I’m so glad that you’re benefiting from the JOC’s! You and the rest of the placers on the placement planet. It’s my pleasure to help.

As the number of Q&A’s increases, we’re building an ongoing reference resource for our industry. The hippest recruiters are printing out the postings, sometimes distributing them to staff and associates, but always retaining them for the future. I hereby consent to all of it. Please use them well, folks!

Now – back down to business:

I really appreciate you asking this fee-keeper that needs to be answered for so many shocked recruiters these days.

Your question about the bankruptcy clawback is so important because in the vast majority of cases there is no legal reason to give back any portion of the placement fee! Yet in the vast majority of cases, that’s exactly what happens. As Fordyce founding father Paul Hawkinson would say, “Hooboy!”

We’re deep in the depth of Section 547 of the U.S. Bankruptcy Code [11 USC 547(c)]. Anyone who has downloaded 779 pages from Westlaw with the case citations and reads the thousands of cases cited will conclude that they are inconsistent, inscrutable, and incomprehensible. You won’t find a single one concerning a contingency-fee recruiter. That’s really good news!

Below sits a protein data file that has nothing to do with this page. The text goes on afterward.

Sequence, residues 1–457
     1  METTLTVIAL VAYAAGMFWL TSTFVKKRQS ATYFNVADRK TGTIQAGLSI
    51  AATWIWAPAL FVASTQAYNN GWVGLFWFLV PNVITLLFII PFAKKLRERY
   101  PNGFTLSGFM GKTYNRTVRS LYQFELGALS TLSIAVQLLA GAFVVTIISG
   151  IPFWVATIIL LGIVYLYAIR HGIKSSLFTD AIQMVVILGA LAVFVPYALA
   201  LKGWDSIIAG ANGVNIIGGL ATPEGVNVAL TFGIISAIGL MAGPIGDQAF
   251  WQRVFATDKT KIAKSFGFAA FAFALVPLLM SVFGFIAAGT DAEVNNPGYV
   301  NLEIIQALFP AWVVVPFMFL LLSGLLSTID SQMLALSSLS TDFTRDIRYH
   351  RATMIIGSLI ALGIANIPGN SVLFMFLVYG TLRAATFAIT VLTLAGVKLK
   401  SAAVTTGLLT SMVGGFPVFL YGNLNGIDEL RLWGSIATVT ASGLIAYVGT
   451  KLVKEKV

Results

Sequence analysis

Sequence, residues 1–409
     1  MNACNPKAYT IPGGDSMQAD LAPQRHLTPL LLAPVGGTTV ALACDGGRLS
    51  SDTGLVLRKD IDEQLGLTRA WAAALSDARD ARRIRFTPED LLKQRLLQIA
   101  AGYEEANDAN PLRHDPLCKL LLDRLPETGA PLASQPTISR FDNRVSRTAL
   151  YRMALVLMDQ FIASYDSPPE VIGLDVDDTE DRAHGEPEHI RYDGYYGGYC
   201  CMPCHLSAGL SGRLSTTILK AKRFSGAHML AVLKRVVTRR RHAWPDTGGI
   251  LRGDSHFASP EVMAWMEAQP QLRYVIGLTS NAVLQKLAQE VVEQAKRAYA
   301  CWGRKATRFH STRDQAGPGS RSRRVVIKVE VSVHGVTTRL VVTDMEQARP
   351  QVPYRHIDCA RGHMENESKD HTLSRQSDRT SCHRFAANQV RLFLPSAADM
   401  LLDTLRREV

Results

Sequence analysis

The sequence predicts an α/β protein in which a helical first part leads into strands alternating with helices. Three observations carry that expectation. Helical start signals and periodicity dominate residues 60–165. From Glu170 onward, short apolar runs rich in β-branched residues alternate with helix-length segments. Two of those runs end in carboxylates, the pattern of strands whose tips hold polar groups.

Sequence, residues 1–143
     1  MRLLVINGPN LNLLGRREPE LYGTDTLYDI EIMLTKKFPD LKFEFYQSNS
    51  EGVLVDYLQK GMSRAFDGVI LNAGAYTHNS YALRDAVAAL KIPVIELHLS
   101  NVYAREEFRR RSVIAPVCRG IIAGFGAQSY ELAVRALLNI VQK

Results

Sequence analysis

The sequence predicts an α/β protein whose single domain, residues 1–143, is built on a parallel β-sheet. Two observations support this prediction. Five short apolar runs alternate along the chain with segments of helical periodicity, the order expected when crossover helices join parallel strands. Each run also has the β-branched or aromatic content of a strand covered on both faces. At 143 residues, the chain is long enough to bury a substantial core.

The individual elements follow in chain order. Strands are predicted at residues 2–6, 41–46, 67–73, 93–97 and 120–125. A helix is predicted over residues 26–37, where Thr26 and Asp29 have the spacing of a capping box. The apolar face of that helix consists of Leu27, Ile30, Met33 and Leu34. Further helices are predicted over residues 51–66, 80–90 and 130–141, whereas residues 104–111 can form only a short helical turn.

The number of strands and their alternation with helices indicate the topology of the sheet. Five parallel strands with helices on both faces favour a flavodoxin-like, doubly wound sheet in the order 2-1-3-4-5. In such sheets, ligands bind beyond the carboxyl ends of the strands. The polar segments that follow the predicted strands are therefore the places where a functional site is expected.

But look closer. There are tons of big words in the Section 547 annotations that you can use to defend against the clawback (attempted return of your well-earned placement fee). You can save a lot in legal fees by just studying the cases yourself and highlighting those you like for use in responding to the trustee’s lawyer. Life’s so much happier when you know the law.